June 11, 1997, E.C.B. No. 42/94/140 (61 L.C.R. 224)

Between: Hampton Investments Ltd. and
Taylor Ventures Ltd.
And: Her Majesty the Queen in Right of the Province of
British Columbia, as represented by the Ministry of
Transportation and Highways and the
Corporation of the City of Nanaimo
Before: Julian K. Greenwood, Presiding Member
Michael Grover, AACI, Board Member
Arthur Guthrie, Board Member
Appearances: Clayton W. Caverley
Cora D. Wilson, for the Claimants
Alan V. W. Hincks, for the Respondent
Ministry of Transportation and Highways
Barry S. Williamson, for the Respondent
City of Nanaimo




The Ministry of Transportation and Highways (MoTH) constructed a new section of highway through the City of Nanaimo called the Nanaimo Parkway as part of a larger upgrading of the Vancouver island Highway. The subject property was bisected by the Parkway. Before the expropriation it was an approximately rectangular parcel, 75.13 acres in size, in a light industrial zone. The highway expropriation removed 14.85 acres in a diagonal strip across the property, leaving two remaining parcels totalling 60.28 acres. The larger of these was a 39.10 acre parcel north and east of the Parkway, which could still be developed as an industrial park. The other remaining parcel, south and west of the Parkway, was effectively landlocked, in that access could only be made through other properties. The result was that any future development of this 21.18 acre remainder would most likely be a residential subdivision, jointly developed with a neighbouring residential acreage further to the south.

The Claimant Hampton Investments Ltd. ("Hampton") sold the subject property to the Claimant Taylor Ventures Ltd. ("Taylor") in May 1993, at a time when the location of the proposed Parkway and the approximate timing of the construction were well known, but before any actual expropriation had taken place. The property was then still vacant and unsubdivided. Taylor agreed to pay Hampton $3.2 million for the property (including the portion due to be taken by MoTH). Before the sale actually completed, the expected expropriation took place. The vesting notice, placing title to the Parkway strip in the Crown, was registered on January 12, 1994. Because of various extensions, the sale to Taylor did not in fact close until September 1994. Although this situation meant that both Hampton and Taylor were potential claimants for any compensation, in fact they resolved the issue by agreeing that Taylor would conduct the compensation claim and have sole right to any award. The Board was not required to apportion compensation between them.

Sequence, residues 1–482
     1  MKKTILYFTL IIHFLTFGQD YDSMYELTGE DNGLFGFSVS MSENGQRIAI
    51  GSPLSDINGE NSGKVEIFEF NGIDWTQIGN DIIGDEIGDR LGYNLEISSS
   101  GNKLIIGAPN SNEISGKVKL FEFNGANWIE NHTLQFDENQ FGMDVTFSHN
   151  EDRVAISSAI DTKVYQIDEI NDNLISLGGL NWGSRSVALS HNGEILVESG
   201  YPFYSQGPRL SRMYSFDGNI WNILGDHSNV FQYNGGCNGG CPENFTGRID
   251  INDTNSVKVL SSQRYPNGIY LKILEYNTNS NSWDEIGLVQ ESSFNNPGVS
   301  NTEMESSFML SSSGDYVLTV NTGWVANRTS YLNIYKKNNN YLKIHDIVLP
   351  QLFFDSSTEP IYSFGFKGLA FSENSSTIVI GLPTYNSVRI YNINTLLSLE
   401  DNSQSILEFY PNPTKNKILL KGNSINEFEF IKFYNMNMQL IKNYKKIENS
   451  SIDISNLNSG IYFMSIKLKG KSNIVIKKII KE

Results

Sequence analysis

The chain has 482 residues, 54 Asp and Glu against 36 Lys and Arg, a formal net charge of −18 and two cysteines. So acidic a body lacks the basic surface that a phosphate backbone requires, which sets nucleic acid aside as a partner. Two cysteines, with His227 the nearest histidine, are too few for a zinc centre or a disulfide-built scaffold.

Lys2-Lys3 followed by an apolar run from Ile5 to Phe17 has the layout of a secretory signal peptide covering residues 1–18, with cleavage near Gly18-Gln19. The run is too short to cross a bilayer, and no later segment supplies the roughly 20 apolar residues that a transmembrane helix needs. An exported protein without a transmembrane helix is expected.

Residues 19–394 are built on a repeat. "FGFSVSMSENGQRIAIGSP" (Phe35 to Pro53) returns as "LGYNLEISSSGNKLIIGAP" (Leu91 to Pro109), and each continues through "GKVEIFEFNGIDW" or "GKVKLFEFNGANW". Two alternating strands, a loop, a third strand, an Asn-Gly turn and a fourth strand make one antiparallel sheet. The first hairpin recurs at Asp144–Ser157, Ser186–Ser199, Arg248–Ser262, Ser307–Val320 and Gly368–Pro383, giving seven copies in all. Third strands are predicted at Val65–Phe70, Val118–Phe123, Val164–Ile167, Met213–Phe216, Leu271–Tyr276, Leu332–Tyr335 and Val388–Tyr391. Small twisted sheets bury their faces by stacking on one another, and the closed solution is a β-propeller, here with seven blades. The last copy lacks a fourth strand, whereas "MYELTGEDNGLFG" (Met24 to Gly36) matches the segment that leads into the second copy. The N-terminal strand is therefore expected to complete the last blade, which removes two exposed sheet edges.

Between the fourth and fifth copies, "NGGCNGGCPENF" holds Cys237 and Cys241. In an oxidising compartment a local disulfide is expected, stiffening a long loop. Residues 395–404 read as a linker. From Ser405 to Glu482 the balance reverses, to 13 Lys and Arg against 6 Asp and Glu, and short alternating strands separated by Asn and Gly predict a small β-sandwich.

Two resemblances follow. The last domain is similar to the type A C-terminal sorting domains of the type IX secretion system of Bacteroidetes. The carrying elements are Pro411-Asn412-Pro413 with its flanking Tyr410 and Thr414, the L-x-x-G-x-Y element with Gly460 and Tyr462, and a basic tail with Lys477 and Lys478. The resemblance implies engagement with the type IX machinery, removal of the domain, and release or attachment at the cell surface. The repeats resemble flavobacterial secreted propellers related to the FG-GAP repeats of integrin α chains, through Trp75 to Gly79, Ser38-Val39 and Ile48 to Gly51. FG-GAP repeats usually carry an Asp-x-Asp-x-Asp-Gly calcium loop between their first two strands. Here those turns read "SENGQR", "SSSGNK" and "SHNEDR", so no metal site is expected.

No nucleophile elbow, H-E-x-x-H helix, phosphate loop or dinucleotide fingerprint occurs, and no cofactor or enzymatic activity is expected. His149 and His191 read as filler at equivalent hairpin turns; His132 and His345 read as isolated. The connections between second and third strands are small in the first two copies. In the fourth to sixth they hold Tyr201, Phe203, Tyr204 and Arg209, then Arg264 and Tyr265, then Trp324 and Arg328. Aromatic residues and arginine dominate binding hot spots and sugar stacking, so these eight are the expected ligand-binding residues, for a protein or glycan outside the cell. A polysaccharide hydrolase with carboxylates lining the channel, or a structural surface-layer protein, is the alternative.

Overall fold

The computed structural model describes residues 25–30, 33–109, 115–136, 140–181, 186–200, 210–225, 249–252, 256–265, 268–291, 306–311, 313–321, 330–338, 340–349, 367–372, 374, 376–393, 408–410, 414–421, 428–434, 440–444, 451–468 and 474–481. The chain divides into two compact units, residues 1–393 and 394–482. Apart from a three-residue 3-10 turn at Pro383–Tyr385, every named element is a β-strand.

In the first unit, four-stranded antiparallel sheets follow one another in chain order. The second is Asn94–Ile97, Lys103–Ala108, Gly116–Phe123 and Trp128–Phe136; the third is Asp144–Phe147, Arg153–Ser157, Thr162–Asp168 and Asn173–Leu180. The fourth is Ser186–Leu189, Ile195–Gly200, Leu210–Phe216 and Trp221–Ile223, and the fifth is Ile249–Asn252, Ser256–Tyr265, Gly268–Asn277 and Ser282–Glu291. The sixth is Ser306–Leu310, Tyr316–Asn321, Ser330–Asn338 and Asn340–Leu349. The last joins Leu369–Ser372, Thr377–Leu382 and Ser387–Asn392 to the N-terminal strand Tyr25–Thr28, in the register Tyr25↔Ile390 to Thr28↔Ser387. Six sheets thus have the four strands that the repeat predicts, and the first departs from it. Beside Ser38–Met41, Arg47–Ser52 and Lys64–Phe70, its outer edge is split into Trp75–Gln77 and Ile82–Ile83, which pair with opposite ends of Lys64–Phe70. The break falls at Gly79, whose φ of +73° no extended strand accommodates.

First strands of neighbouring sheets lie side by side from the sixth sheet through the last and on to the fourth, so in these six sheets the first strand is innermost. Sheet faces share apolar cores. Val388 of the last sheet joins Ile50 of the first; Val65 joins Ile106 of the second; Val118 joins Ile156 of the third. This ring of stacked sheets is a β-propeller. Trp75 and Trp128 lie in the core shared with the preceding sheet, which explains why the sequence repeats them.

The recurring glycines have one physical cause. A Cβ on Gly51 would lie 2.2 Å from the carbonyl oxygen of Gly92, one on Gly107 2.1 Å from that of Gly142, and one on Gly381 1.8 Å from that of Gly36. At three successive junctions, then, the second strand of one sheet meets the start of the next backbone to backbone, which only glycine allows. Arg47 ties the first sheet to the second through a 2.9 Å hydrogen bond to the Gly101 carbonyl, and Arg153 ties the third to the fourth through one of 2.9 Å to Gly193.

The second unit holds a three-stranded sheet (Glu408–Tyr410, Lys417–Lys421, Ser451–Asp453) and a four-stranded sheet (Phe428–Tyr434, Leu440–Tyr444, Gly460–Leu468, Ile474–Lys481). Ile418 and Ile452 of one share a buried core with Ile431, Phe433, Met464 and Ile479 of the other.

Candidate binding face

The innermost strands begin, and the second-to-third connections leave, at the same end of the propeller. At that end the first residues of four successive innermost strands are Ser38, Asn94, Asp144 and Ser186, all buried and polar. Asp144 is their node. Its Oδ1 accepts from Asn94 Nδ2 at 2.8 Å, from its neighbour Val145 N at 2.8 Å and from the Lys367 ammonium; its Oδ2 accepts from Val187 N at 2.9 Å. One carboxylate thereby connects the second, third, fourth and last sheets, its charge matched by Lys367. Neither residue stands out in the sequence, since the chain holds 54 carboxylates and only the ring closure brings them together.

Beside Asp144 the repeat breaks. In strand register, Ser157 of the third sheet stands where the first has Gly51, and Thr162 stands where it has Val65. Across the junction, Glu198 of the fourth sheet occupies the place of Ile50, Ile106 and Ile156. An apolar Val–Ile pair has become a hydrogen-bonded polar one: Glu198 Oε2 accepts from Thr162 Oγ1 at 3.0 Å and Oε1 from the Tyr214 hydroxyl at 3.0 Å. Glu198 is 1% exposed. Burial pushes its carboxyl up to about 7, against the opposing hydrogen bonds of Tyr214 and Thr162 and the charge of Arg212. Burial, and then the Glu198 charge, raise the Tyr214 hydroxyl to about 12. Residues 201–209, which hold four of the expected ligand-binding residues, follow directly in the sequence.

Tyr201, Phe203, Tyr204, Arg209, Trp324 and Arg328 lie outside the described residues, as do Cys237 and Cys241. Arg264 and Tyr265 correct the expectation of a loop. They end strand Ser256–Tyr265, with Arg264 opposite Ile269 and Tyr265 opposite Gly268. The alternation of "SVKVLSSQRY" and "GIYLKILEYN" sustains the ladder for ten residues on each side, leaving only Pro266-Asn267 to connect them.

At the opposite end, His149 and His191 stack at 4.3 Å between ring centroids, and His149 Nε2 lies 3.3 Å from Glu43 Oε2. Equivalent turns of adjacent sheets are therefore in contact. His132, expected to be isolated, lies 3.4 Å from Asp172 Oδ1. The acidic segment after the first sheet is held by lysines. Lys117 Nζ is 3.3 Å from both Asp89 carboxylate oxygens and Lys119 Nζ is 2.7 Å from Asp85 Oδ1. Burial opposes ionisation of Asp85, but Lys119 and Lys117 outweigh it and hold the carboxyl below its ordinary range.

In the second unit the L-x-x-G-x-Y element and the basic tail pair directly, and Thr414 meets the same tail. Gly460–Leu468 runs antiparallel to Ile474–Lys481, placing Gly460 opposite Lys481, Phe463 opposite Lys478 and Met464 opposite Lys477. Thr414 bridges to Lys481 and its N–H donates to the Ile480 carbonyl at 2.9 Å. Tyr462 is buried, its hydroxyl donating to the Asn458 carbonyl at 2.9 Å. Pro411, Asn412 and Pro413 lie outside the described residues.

The principal issue initially before the Board was the valuation of the loss in value of the land as a result of the taking by MoTH. However after nine days of hearing, all issues between the claimants and MoTH were resolved by agreement. This left for resolution a claim against the City of Nanaimo. The basis of this claim was that certain City bylaws required a leave strip on the industrial side of the Parkway, which significantly reduced the developable area of that remainder parcel. The bylaws were argued to produce a de facto or "constructive" expropriation, or alternatively to injuriously affect the remainder of the property.

[Note: between the time that this matter was argued and the issuance of this decision, the 1996 revised statutes of British Columbia have come into effect, with the result that statute numbers and section numbers have changed. For consistency with the documents and arguments, the old numbers have been used in the decision, but the board has appended a concordance at the end of the decision.]



Taylor, assisted by its engineers Chatwin Engineering Ltd., obtained approval for an industrial subdivision of 46 lots on the northeast side of the proposed parkway, which it planned to construct in two stages. At the time of the hearing, phase one of this subdivision, comprising 35 lots, had in fact been completed, and the sites were for sale.

One factor affecting the layout, and well understood by Taylor at the time it started the planning for this subdivision, was that the municipality was planning to impose certain design guidelines for properties along the proposed Parkway. Bylaw 3553, first introduced in the summer of 1993, although not finally passed until March 1994, was an amendment to the Official Community Plan. It designated all lands within 200 metres of the Parkway as a Development Permit Area. It also adopted certain guidelines (developed by a consultant) called the "Nanaimo Parkway Development Permit Area Guidelines" ("guidelines"). Among other things, these guidelines described various "character protection zones" (CPZ). The area in which the subject property lay was described by these guidelines as having a "rural - open" character, in which there should be a 20 metre CPZ alongside the Parkway. Within this 20 metre strip no development would be permitted, and certain landscaping requirements would apply. However since the details of any actual development would be the subject of a development permit, Council would make the final decision in any case of what the requirements would be, and could presumably change the width of the CPZ.